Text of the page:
serpentine waltz - tara milton
It's been a long time, since I've made a record in earnest. That was never intended to be, after my last band The Nubiles split, I felt it was time for me to stand on my own two feet for a while; although as a musician and a song writer, I felt that I was only just getting started.
I made a silent pact to myself, that I should return to the world, and come what may, if I were any kind of writer, then surely life would provide all of the necessary ingredients for me to furnish my songs. Being alone and without a band for the first time since I was 15 years old, I fully expected to get lost, and that I did. In fact, it's true to say that my life skills were so far adrift, I was found floundering….. But still there's a unique excitement that comes with being lost.
In March 2002 I landed in Japan, pretty much penniless, or yen less if you prefer? For about 6 weeks I was as sick as a dog. A 'girlfriend' put me up for awhile. I can understand her frustration, sometimes she would chase me around her apartment with sharp implements, slashing at the Japanese shoji blinds, like a scene from The Shining. Gleefully, I was forced to consign to my perdition.
This collection of songs, 'Serpentine Waltz' represent to some extent me getting back on my feet over the years. I'd probably describe the songs as, 'Kitchen Sink Drama's' but with abstract twists and a late night vibe! I will generally tell my story through an emphatic third party. 'Waiting on a Post Card' tells the forlorn tale of the late great American folk singer Jackson C Frank who came to London in the early 60's. '2 Months Ago' is a stomping Northern Soul/blues. It deals with a jilted lover who feels his life and relationships are being sabotaged by an evil spirit. The title track, 'Serpentine Waltz' is set in apocalyptical London, the city is burning like Carthage and the songs protagonist escapes to the sanctuary of the Serpentine Lake in Hyde Park. Gazing in to the water he see's the reflection of a beckoning and beautiful face. Maybe it's the ghost of Harriot Shelley, who drowned herself, when her wandering poet husband Percy Bysshe Shelley deserted her for Paris in 1816?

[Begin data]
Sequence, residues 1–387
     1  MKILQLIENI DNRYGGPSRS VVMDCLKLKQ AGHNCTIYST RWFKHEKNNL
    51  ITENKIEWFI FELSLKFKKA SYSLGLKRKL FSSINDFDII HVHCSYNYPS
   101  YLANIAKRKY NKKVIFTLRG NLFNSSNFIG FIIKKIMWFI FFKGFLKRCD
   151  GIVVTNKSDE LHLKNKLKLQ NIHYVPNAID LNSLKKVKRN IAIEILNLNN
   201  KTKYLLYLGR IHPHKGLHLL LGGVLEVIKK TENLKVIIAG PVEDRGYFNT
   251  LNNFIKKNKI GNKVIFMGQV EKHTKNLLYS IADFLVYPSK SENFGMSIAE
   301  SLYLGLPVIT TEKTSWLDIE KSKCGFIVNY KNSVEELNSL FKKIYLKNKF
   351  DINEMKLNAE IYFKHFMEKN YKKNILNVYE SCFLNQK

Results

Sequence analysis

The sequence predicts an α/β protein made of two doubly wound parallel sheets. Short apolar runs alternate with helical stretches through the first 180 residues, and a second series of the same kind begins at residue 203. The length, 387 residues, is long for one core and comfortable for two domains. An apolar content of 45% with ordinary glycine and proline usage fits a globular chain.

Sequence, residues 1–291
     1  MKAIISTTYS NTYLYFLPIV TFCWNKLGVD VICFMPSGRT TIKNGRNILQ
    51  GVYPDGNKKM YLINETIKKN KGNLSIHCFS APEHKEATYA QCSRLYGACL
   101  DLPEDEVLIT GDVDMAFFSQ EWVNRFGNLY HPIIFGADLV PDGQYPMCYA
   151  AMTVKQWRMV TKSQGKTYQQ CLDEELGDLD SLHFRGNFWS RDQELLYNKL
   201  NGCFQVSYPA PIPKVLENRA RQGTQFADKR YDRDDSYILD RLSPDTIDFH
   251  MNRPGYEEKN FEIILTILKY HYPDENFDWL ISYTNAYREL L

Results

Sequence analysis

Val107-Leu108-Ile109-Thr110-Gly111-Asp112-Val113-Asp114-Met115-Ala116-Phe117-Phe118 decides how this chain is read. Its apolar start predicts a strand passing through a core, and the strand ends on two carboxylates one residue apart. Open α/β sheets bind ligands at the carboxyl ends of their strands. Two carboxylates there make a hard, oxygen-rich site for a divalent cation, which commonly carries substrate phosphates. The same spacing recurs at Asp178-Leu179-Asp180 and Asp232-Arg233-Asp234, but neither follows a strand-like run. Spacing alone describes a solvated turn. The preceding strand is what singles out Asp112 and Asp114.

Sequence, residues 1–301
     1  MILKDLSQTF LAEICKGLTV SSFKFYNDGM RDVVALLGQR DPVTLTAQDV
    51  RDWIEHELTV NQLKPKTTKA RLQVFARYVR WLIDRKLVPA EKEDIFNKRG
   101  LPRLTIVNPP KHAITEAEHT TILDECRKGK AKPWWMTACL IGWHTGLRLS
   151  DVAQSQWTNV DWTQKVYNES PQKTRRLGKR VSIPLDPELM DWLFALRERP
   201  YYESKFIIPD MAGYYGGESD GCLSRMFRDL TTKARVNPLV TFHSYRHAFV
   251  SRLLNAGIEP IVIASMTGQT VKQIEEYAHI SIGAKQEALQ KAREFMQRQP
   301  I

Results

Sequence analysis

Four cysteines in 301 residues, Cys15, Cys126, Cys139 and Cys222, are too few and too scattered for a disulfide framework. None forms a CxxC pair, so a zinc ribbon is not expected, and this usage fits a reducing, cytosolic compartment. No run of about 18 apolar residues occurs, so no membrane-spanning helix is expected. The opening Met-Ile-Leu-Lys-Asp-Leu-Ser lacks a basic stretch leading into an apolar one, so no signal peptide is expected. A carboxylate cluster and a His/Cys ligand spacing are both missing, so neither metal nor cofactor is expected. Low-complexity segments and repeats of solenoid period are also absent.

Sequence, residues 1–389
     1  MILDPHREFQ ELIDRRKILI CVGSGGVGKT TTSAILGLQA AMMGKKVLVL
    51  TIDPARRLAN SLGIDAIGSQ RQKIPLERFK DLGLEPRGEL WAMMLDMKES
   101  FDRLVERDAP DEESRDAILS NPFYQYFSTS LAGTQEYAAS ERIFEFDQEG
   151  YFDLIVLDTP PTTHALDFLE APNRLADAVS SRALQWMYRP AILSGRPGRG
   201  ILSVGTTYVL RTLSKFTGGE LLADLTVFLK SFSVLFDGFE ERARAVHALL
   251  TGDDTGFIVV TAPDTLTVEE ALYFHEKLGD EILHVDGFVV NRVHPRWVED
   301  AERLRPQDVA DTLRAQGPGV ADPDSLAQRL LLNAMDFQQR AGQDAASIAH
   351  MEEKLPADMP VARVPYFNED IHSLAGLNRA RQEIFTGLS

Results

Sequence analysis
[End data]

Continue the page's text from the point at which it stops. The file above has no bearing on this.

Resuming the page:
But it's certainly not all doom and gloom. There are joyful moments too! 'A Song to the Open Road' is a pure celebration of life. 'Cape Horn' and 'Treasure Hunters' sing of encountering joy in the simplest of domestic circumstances! A lovers laugh at a joke on the t.v, the sound of children's voices rolling off a street on a summers evening. My greatest wish is to leave the listener feeling uplifted and inspired, feeling like they can go int to the world and deal with anything it throws at them. Such is the authentic healing power of music!
These days i find myself back in London and driving a double decker bus for a living. It's been 3 years since I've returned from the Orient, and I'm still 'getting back on my feet'….. All of my spare cash has gone in to this project. The recording sessions have been exciting, there were trips in to the studio with the awesome guitarist Barrie Cadogan, (of Little Barrie) who has sessioned for a whole host of luminaries no less, Paul Weller and Edwyn Collins. There were brass sessions with Sean Read currently working with Dexy's and Chrissy Hyndes. And many other surprises too. I'm also pleased to announce that Sam williams has been on mixing and mastering duties.